Quick Takes


    With San Diego Padres OF Milton Bradley on first in a game Sunday, umpire Mike Winters and Bradley began debating an earlier call. Winters uttered whatever the words that lit Bradley's fuse. Next thing we knew, his manager, Bud Black, was sprinting toward his left fielder in a furious attempt to serve as the last line of defense between Bradley and the inevitable suspension that clearly would have awaited him if he'd ever made it to Winters. Black and Bradley got into a wrestling match, and down went Bradley with one of the strangest injuries we've ever witnessed, a right knee seriously injured in a bout with his own manager. Bradley and his torn ACL are out for the rest of the season.


    Denver Broncos RB Travis Henry owns a record that will probably stand forever. He is an absolute legend, but not on the football field. He has nine children. He has reportedly fathered them by nine different women. I thought I knew football; I always thought it was quarterbacks who needed extra protection.


    With just a few games left in MLB, there isn’t one team playing at .600 this season.


    Bill Parcells is a legend on the football field. He’ll never be a legend pitching Coors Light. Why? Because their commercials are absolutely terrible, stupid, idiotic (the point has been made), and even the great coach can’t change that. I guess I’d do it as well for the right amount of money.


    I have no Dodgers or Cardinals to pull for this post-season. As a former resident of L.A. and St. Louis, my allegiance is there. So, here’s to Mike Scioscia and his Angels to take it all. He manages like he played…………aggressively.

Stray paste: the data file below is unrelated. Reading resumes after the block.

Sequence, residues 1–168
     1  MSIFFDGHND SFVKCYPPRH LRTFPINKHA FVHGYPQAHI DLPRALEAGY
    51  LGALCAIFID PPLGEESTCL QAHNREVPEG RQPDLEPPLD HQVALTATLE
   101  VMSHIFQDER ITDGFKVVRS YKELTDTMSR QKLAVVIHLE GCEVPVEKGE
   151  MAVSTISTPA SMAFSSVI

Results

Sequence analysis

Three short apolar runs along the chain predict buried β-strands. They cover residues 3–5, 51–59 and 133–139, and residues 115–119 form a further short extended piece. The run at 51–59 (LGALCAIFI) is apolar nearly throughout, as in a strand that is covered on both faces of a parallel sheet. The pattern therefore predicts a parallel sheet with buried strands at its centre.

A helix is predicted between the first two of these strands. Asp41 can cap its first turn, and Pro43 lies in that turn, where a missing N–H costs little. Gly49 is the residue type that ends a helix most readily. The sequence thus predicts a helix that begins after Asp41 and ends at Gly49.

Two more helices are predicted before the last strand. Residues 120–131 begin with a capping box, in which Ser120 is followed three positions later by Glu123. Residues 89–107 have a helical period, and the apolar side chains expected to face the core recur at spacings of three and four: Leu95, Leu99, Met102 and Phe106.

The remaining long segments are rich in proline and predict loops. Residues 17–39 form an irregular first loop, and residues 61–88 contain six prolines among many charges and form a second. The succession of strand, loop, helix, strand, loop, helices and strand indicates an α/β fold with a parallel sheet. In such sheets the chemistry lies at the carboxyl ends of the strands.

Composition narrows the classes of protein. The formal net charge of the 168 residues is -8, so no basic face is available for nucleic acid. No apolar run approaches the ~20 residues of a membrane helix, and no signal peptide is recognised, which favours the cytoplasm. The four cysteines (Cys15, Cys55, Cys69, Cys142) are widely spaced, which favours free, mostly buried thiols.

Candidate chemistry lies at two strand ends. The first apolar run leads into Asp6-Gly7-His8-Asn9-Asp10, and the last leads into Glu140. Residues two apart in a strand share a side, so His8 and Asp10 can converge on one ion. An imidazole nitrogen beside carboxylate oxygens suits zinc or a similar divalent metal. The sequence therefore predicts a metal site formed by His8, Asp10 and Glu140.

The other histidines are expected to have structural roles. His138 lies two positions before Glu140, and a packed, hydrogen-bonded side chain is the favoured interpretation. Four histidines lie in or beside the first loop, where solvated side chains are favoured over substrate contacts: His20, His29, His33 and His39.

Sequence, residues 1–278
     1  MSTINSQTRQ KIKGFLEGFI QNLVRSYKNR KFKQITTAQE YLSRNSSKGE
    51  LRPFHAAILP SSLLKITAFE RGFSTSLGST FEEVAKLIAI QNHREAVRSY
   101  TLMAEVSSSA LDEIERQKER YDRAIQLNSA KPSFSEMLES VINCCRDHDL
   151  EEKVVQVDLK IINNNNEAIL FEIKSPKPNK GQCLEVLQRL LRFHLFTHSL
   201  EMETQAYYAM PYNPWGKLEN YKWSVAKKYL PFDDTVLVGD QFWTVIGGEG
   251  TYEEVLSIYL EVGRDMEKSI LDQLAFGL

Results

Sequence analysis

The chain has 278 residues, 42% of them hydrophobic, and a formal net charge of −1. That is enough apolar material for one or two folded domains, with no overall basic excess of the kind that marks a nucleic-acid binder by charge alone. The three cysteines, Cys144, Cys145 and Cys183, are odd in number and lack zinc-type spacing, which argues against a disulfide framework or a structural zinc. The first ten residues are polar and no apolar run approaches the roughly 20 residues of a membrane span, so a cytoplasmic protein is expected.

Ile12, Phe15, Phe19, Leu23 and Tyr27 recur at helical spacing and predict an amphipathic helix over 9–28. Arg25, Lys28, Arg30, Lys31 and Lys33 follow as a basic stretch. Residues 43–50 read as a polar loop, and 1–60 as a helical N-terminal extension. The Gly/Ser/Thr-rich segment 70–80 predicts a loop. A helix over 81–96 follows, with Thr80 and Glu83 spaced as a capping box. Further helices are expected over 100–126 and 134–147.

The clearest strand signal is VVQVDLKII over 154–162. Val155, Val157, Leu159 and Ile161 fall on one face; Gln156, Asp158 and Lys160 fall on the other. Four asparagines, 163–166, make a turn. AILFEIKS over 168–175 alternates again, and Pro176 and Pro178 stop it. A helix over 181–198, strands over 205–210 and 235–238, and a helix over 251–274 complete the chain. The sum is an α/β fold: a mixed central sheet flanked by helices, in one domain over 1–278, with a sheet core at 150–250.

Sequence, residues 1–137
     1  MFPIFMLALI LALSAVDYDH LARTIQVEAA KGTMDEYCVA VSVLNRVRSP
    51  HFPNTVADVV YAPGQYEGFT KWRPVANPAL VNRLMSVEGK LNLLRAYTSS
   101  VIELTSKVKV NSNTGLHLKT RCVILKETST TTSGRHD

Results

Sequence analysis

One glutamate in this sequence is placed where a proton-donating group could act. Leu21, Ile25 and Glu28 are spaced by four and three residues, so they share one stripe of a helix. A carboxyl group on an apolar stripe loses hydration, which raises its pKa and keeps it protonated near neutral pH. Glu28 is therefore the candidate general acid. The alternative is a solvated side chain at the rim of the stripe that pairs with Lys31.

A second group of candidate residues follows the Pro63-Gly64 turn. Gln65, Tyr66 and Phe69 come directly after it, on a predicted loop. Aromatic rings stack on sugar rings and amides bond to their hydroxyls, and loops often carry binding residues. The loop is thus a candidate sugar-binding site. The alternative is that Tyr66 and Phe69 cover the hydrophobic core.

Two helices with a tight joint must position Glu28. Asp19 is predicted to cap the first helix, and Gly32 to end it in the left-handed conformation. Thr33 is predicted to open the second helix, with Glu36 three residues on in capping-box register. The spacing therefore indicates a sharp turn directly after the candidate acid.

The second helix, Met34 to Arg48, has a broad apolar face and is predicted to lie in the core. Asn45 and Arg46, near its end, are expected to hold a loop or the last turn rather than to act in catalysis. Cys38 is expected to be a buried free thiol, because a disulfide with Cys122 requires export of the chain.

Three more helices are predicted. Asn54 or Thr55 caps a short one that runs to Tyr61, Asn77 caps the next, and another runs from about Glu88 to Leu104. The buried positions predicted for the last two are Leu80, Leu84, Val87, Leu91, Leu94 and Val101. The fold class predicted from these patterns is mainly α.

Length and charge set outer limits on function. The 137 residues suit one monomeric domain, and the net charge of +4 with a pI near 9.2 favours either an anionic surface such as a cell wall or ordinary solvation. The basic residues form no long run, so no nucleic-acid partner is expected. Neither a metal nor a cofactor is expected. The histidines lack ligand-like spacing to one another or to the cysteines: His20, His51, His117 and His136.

Problem in San Diego. Two losses by the Chargers in three games this season, equaling their total for 16 games last season. Just 2.4 yards-per-carry averaged by the Chargers through three games this season, versus 4.9 yards-per-carry averaged by the Chargers last season. And that's with the best running back in football.


    And there’s my favorites, the Saints. That’s a bigger problem. They’re winless and without Deuce for the year. Three games does not make a season, and before it’s all over, some teams now enjoying fast starts will prove that statement to be valid as well.


    What with Tyson, Thomas, Vick, Simpson and the all-too-many others, sports truly does produce role models kids look down to. And the sad part of it all is that it isn’t going to get any better.


Story of the Week


    Thanks to Louis Delsarto for suggesting I write about today’s feature subject.


    Rusty Staub's great batting stroke kept him in the big leagues for more than two decades. He was a non-typical ballplayer, preferring fine cuisine and the theater to ballpark food and strip joints. An accomplished chef, after his playing career Staub devoted his time to a successful New York restaurant before entering the Mets' front office.


    Rusty Staub never resembled an athlete so much as a 205-lb Sherlock Holmes who'd taken an intense interest in the game of baseball. Staub began with modest natural skills, and honed them to precision through perpetual practice. Baseball was equal parts discipline and sport to Staub, whose broad, curious world view attracted him to the study of history and gourmet cookery.